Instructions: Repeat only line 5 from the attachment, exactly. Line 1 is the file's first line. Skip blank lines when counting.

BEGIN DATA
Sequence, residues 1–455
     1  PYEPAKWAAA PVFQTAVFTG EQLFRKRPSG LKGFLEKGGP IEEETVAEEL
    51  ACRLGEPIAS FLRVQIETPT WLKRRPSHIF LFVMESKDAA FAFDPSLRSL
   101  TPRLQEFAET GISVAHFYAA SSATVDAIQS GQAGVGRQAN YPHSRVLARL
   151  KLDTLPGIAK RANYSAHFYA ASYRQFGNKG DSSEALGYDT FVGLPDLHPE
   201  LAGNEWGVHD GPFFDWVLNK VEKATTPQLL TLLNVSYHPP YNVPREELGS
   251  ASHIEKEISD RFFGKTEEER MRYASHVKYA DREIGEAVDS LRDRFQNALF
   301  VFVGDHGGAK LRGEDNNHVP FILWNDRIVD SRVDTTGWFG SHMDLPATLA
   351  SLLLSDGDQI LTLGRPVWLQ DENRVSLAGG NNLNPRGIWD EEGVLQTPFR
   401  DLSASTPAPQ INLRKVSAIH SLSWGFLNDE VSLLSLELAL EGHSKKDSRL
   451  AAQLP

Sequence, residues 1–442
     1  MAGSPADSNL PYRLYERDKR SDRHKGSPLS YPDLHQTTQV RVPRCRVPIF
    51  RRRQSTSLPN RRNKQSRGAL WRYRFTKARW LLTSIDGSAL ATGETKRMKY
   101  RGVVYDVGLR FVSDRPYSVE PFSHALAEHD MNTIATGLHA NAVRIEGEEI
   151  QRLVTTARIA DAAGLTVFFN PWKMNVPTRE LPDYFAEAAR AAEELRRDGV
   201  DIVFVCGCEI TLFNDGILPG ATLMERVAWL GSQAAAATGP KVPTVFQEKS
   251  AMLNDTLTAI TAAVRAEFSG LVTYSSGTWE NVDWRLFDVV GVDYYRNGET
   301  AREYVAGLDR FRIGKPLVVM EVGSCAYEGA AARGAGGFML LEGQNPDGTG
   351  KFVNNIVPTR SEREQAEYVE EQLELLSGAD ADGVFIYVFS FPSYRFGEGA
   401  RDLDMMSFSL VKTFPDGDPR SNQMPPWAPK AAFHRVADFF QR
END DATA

   151  KLDTLPGIAK RANYSAHFYA ASYRQFGNKG DSSEALGYDT FVGLPDLHPE